REVIEW: What We Left Behind: Looking Back at Deep Space Nine [2019]

Rating: 7 out of 10.
  • Rating: NR | Runtime: 116 minutes
    Release Date: May 13th, 2019 (USA)
    Studio: Shout! Studios
    Director(s): Ira Steven Behr & David Zappone

We were the ‘dark’ Star Trek.

More than merely a look back at what was, Ira Steven Behr‘s documentary project What We Left Behind: Looking Back at Deep Space Nine is also a way to look forward—a perfect contrast considering how maligned the show was during its tenure compared to today. You could say “Deep Space Nine” stands as a dividing point amongst fans that appreciated the grand social and political ideals of the Star Trek universe and those who wanted spaceships fighting with laser beams. The latter are the ones that sent hate mail and refused to watch this static space station avoid going where no man had gone before. The former conversely understood instantly how prescient, progressive, and important that locked location was to delivering its treatise on the human condition.

It truly is fascinating to watch Behr (DS9’s showrunner) and co-director David Zappone weave interviews of recollection (with all the major players save Avery Brooks, who pops up through archival footage) against a writers room imagining how the show could continue if an eighth season was green-lit now (a 2015 reunion between Behr, René Echevarria, Ronald D. Moore, Hans Beimler, and Robert Hewitt Wolfe). So much has happened to the world these past twenty years that you really do have to both admire what it was the show put on-screen at a time when few dared to follow and acknowledge that a lot of it couldn’t be delivered the same way at present. Its narrative use of terrorism post-9/11 and its behind-the-scenes inclusion standards would obviously need considerable alterations.

These contentious subjects are handled well, though, and perhaps with more complexity than you might imagine—even if those at fault aren’t overtly called out. There’s a fine line between letting former Paramount chairman Kerry McCluggage shield himself in ambiguity when explaining his part in Terry Farrell‘s contract dispute and pushing him to rescind involvement altogether. The same goes with co-creator Rick Berman and how his desire for episodic television (amongst other things) clashed with Behr’s serialization push. Would the film make more noise with these two backed into a corner in ways that would foster self-incrimination and force apologies? Sure. The way the film is cut, however, ensures we know who was in the wrong, inevitably despising them more for their conscious choice to skirt the issue.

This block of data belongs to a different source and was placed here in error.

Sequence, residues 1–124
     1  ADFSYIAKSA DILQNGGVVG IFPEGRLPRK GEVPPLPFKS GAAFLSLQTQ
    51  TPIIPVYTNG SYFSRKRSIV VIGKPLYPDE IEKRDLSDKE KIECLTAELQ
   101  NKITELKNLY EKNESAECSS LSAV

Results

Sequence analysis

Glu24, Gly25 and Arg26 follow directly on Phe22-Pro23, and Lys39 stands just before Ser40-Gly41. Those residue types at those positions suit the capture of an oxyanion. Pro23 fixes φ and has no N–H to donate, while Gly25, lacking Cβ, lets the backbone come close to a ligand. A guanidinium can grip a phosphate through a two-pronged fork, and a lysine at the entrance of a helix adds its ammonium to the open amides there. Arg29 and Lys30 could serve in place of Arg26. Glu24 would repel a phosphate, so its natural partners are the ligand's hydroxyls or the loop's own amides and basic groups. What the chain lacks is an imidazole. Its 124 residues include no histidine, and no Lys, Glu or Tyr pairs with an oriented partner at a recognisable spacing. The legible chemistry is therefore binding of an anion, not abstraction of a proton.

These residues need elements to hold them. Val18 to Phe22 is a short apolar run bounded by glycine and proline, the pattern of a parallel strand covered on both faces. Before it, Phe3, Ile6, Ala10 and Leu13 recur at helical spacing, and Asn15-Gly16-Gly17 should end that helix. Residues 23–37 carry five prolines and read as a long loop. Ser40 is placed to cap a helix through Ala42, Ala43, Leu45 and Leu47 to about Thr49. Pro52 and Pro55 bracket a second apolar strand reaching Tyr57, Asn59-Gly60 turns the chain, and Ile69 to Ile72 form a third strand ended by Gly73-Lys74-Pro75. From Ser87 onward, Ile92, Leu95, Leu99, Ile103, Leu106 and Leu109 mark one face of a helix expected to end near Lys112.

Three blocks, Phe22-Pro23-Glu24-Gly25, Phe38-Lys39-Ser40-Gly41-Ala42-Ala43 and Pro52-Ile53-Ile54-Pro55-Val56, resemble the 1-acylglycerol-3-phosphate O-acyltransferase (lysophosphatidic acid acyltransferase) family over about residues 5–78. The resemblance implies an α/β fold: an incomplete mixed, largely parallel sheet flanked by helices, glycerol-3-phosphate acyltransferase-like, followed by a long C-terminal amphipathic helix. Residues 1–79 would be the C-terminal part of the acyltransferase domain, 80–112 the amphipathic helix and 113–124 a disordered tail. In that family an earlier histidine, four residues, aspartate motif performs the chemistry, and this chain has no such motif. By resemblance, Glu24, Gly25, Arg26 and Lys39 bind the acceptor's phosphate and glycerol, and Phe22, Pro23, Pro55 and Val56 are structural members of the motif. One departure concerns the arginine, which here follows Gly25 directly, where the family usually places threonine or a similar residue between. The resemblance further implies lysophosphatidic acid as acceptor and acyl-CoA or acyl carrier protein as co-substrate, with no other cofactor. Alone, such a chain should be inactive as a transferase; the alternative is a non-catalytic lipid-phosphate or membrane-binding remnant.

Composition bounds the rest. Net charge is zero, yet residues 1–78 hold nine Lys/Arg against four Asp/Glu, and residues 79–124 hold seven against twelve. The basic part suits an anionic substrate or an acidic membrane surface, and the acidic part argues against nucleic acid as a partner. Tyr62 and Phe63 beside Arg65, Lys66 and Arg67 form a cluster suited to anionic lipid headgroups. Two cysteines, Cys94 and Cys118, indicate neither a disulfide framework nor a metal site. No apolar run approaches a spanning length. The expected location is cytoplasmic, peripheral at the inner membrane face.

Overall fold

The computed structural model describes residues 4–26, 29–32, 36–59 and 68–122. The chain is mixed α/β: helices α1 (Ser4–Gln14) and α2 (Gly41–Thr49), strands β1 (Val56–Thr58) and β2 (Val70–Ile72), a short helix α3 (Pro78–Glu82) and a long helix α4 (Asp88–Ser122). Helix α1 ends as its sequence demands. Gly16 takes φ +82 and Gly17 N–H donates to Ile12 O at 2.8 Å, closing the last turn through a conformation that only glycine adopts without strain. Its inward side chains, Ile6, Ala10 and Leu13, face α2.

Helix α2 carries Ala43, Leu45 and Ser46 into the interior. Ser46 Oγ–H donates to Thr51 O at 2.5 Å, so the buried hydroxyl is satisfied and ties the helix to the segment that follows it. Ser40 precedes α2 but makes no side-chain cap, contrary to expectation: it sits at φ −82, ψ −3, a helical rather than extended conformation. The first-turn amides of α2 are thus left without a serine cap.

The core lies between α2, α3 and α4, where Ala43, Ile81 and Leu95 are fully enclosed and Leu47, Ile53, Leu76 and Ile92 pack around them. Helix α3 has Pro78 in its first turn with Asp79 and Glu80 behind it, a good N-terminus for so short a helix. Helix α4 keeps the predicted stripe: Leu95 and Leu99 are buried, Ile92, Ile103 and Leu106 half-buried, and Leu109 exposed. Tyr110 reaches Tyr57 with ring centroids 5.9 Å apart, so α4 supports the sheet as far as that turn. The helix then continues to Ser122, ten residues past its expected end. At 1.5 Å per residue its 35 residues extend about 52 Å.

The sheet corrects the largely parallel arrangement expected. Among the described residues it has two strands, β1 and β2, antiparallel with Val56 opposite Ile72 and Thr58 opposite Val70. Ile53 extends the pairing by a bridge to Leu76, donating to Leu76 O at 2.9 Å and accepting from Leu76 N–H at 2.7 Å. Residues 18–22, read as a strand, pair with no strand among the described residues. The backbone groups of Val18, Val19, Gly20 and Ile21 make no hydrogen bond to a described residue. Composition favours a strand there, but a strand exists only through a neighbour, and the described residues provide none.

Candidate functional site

That Behr hasn’t completely erased these more controversial truths is commendable. He may go too far when “stopping” the film to give himself a scripted soapbox session via the edit bay that highlights his personal regret about not doing more to represent the LGBT community, but those self-absorbed moments ultimately say more about his personality than the issue itself (and proof that he being the director does little for objectivity). When he lets the actors and fans talk about how the show impacted their lives in terms of those same issues instead, we start to see beyond intent. And when the context surrounding Brooks’ casting and his utilizing the character as a tool for the Black community is shared, it becomes impossible not to appreciate that intent too.

Showcasing the heady science-fiction undercurrents that positioned TVs as mirrors onto society during the 90s isn’t this documentary’s only draw despite being the irrefutable evidence necessary to cement “Deep Space Nine’s” legacy as arguably the most Star Trek of all the Star Trek properties. More so than the writers room and its ability to extrapolate where these characters would have gone in the interim and what would bring them back together (I’d watch the episode they draw up) is the display of love and respect so many of the alumni have for one another. How they speak about their working experiences is inspiring (especially considering the long hours) and none are afraid to set the record straight on character motivations that might be implied yet never outright admitted.

Behr injects a few funny, random moments too like Max Grodénchik singing and leading original lounge songs at the start and finish respectively or Andrew Robinson doing his best Garak to take audiences onto a mysterious segue that’s more fan service than relevant. What makes these interludes work is the fact that they confirm cast and crew were fans too. Many shed tears and more consider how bold the storytelling was in exposing realities we still struggle to overcome today. The anecdotes about swapped prosthetics, Michael Dorn‘s studio-enforced move from “The Next Generation”, and the Ferengi family rehearsals Armin Shimerman would conduct at his home may reveal the details fans have come to hear, but the moments proving DS9’s powerful worth two decades later literally vindicate its existence.

So we can laugh as cast members read disparaging remarks Behr collected over the years because hindsight has exposed those sorts of lazy detractors unequivocally wrong (or unapologetically bigoted and/or prejudiced). From the show’s depiction of strong women to its commentary on the cost of war to its naturalistic display of a true utopian melting pot, “Deep Space Nine” would be considered ahead of its time if it debuted next week. To tell that truth while also delivering a brand new episode in animated, storyboard form renders Behr’s film relevant beyond the unavoidable “home video special feature” dismissals it will receive. Despite blatantly targeting the fans that helped crowdsource it, the much loftier goal of contextualizing DS9 within the annals of sci-fi and television history is also met.

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